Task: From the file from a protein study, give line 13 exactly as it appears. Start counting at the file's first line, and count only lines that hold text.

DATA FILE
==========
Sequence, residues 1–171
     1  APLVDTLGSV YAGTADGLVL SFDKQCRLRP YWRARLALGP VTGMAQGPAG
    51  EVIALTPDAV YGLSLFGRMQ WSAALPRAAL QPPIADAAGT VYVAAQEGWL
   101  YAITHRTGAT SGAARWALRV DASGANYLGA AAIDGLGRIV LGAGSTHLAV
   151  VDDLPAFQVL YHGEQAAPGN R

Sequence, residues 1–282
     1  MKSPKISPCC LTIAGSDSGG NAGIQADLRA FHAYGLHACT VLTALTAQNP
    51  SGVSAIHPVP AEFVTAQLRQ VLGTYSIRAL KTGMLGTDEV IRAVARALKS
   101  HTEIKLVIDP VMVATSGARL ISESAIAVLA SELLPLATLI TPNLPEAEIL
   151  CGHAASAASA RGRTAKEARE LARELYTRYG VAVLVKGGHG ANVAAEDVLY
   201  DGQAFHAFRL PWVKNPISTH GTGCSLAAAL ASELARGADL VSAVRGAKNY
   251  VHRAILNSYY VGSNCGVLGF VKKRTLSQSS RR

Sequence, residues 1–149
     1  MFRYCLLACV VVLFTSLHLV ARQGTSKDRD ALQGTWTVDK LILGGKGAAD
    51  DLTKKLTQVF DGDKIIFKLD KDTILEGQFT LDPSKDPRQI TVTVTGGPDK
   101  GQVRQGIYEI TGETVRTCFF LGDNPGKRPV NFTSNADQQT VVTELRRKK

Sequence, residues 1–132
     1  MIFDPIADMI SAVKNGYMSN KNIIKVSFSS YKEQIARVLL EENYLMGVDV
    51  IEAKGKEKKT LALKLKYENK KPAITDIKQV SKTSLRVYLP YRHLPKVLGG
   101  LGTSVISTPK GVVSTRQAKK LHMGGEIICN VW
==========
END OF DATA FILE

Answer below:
Sequence, residues 1–149